GCSE drama students will have greater access to black and minority ethnic (BME) playwrights from September after one of the country’s largest education companies has introduced four new texts.
Pearson, which owns UK exam board Edexcel, has joined forces with the London Theatre Consortium (LTC), which includes 14 of the capital’s theatres, as part of efforts to “decolonise” the curriculum.
From September this year, pupils taking Edexcel’s GCSE drama qualification will be able to study a more diverse selection of texts, including Bola Agbaje’s play about race identity and youth culture Gone Too Far! and the North Korean-based drama The Free9 by In-Sook Chappell.
The updated list of texts, which pupils will be assessed on in 2022, includes Tanika Gupta’s India-based adaptation of A Doll’s House and Roy Williams’ 21st century adaptation of the classic tragedy Antigone.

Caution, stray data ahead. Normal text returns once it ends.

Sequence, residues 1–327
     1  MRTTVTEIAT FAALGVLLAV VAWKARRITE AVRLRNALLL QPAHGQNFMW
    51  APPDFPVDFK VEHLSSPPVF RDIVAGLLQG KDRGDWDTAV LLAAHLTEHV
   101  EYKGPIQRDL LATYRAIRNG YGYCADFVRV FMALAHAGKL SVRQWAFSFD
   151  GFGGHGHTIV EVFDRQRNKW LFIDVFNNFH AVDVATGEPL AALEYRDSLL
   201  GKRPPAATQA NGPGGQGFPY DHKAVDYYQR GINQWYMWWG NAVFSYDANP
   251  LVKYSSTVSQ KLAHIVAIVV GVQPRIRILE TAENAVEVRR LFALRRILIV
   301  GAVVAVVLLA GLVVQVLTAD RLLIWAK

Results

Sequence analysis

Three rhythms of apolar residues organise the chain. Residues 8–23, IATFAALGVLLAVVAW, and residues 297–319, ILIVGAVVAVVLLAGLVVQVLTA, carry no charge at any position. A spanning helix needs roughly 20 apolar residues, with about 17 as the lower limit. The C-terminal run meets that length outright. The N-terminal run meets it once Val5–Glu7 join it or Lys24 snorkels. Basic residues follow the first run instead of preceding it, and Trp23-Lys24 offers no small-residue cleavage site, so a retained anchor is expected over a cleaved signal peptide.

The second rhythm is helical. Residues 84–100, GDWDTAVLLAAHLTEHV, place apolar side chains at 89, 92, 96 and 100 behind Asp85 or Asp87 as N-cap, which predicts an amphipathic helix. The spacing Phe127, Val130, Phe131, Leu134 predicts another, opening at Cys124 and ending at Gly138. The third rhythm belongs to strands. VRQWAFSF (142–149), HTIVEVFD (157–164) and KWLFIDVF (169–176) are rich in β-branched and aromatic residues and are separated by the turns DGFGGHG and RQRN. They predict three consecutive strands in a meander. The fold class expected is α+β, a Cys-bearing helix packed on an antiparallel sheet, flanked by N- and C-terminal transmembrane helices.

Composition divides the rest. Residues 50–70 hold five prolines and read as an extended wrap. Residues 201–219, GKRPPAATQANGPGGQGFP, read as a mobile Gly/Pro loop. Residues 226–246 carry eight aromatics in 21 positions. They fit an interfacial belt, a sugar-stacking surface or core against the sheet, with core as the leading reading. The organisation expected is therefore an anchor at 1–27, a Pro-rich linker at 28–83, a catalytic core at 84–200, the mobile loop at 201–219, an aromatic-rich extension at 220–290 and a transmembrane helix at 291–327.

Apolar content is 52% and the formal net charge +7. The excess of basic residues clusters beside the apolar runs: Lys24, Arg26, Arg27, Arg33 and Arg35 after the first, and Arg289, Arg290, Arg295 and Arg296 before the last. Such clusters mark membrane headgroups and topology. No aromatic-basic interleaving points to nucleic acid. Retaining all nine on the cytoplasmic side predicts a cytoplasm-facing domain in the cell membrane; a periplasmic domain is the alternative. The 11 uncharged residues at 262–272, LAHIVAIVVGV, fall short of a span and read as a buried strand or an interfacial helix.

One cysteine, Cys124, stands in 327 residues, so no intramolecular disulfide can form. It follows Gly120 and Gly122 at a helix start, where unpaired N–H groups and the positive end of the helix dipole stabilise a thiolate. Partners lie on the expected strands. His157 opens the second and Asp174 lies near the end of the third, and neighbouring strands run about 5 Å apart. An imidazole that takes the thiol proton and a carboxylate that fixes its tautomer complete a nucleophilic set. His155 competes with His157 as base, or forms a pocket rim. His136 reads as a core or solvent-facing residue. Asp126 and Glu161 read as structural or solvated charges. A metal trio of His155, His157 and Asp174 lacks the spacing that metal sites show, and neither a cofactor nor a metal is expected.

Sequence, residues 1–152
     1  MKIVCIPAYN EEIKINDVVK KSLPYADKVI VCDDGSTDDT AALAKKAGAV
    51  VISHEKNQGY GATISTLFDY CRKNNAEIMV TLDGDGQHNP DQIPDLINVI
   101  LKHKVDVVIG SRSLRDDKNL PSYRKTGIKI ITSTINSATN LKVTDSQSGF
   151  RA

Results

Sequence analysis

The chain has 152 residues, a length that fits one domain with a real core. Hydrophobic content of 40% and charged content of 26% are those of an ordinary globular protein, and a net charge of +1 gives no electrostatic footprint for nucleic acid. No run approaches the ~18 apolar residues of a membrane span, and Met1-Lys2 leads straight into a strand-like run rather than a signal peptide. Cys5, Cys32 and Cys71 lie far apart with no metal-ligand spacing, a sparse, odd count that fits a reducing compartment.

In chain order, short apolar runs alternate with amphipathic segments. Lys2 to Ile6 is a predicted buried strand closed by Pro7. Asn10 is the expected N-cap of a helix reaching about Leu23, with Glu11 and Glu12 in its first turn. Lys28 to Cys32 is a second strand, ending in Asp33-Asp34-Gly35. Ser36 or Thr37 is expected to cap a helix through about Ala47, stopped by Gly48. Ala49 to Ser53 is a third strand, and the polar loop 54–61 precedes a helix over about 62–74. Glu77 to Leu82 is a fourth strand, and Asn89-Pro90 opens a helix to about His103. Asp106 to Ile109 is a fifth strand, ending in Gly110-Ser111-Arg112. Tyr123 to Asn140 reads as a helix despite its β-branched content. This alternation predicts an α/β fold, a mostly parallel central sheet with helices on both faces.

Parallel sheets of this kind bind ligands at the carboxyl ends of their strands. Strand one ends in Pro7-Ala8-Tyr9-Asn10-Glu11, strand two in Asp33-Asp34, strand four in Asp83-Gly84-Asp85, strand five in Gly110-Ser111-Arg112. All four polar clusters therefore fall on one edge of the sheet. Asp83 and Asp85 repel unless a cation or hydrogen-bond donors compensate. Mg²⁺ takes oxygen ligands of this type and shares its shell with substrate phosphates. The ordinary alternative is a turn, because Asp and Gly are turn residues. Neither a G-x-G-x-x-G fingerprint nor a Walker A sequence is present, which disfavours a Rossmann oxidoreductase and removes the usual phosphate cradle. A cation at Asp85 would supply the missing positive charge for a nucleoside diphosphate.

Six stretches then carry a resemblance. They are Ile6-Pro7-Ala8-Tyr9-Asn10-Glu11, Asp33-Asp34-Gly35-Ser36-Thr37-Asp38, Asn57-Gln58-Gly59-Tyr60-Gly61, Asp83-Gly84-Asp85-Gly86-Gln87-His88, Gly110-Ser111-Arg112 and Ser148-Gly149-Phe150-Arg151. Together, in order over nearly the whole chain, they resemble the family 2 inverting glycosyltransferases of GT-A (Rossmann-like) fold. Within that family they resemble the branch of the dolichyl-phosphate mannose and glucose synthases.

The change comes after a consultation with the LTC and the Royal Court Theatre, who had called on exam boards to include at least two works by global majority playwrights in their set text lists for drama.
Katy Lewis, head of English, Drama and Languages at Pearson, said: “We are committed to working with schools and young people to drive change and create learning environments that reflect the diversity of the modern world.
“We want all learners to see themselves in the literature they study; to find belonging, understanding, and value through representation, and to see our whole society fairly reflected.
“Our work does not stop here.
“As part of our drive to improve diversification, we will also be considering adding playwrights that give us greater representation across gender, heritage, LGBTQ+ and disability.”
Romana Flello, participation manager at the Royal Court Theatre and chairwoman of the LTC creative learning group, said: “Since 2015, the Royal Court and LTC have worked closely with Pearson to embed better representation of artists from the global majority throughout the teaching and examination of drama.
“It is uplifting to see them lead the way in GCSE drama and we look forward to engaging more student, teacher and industry voices in change within drama classrooms as we continue to work towards an inclusive drama curriculum.”